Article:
Beachfront ‘Chiringuitos’ have been around for a long, long time and range from the ramshackle to the pristine, from tiny huts to large restaurants.
There are those that see them as part of the charm of the coast, a part of real Spanish life. There are also those who believe that the beach is for bathers, end of story.
Many of the chiringuitos have always infringed upon maritime-terrestrial land, either partly or wholly, especially where terrace extensions have been built. However, in combination with a realignment of maritime-terrestrial boundaries, the vast majority are now thought to be in breach of the prevailing laws, rules and regulations.
There have been many plans and attempts to rid the coast of these delightful culinary outposts, and although some have already gone for one reason or another, the majority still remain. And hope to continue.
In Marbella, some 90% of the chiringuitos are said to be infringing the law, mostly by encroaching upon the sand. Twelve are currently under the threat of sanctions, a situation which could lead to a fine of up to €60,000, and have fifteen days in which to present their defence. Needless to say, the owners are not happy about this threat.
It is hoped that three-way negotiations between the Council, the businessmen and the Department of Coasts can bring about a settlement without the need for threats and sanctions.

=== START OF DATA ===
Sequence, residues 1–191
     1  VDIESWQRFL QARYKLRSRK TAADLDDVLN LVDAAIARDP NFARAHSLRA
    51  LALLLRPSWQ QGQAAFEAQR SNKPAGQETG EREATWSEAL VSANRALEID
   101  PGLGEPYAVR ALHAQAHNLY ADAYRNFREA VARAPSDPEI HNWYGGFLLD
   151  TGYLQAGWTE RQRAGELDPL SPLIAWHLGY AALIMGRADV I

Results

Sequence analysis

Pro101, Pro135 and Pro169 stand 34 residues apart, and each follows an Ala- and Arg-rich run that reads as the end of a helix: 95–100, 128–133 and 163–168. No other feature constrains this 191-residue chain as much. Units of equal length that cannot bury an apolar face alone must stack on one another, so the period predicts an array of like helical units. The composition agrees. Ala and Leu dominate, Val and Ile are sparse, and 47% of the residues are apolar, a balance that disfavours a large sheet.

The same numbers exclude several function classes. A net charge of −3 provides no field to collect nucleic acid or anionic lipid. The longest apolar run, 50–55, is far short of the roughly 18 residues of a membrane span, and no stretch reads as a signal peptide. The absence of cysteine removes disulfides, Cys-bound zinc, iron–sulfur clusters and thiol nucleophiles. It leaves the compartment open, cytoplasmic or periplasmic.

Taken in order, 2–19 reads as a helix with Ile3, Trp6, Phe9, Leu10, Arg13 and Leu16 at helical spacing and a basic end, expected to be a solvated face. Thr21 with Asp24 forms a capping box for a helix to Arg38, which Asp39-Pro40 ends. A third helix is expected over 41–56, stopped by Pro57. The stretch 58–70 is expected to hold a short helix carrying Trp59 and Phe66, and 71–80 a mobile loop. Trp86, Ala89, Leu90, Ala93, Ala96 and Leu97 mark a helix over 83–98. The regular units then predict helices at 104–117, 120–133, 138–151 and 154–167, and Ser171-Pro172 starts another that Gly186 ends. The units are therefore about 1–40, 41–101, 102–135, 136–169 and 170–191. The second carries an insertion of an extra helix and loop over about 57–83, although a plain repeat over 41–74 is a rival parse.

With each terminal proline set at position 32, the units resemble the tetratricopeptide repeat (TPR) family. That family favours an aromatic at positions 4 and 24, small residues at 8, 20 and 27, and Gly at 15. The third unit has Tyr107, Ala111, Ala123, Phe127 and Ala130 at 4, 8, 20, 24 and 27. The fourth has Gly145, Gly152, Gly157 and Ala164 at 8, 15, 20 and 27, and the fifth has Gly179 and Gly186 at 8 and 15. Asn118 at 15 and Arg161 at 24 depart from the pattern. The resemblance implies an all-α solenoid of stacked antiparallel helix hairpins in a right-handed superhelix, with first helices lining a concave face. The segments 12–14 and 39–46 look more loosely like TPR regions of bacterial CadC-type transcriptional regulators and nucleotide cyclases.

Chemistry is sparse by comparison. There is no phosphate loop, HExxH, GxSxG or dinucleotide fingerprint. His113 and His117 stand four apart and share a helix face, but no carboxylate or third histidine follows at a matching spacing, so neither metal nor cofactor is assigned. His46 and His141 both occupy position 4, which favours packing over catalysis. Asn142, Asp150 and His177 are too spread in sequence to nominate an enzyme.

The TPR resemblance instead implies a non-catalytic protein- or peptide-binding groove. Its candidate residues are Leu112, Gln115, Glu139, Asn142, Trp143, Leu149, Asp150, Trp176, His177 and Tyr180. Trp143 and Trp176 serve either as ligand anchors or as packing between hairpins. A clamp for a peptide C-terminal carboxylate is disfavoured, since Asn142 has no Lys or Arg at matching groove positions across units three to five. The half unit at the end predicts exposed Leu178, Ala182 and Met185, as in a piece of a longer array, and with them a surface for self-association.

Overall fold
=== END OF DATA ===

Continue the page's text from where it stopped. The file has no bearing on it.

Two options have so far been put forward as possible solutions. One is that there could be ‘authorised facilities’, with a maximum area of 20 square metres, which would be dismantled at the end of the bathing season, namely October 31st each year.
Option two is to grant concessions, which would require ministerial approval, for permanent structures which would also close on October 31st but not have to be dismantled. These would occupy a maximum area of 150 square metres and would have to be at least 200 metres apart.
The Department of Coasts has set rules and regulations, backed by law, regarding distances from the shore, diostances between establishments etc, and wants offending businesses to be relocated. They have also been informing all the municipalities in the province of the need to find a formula for relocating all establishments which now fall outside the public domain.
With the usual enthusiasm, only five municipalities have so far submitted any sort of project, plan or application (Málaga, Algorrobo, Fuengirola, Casares and Estepona).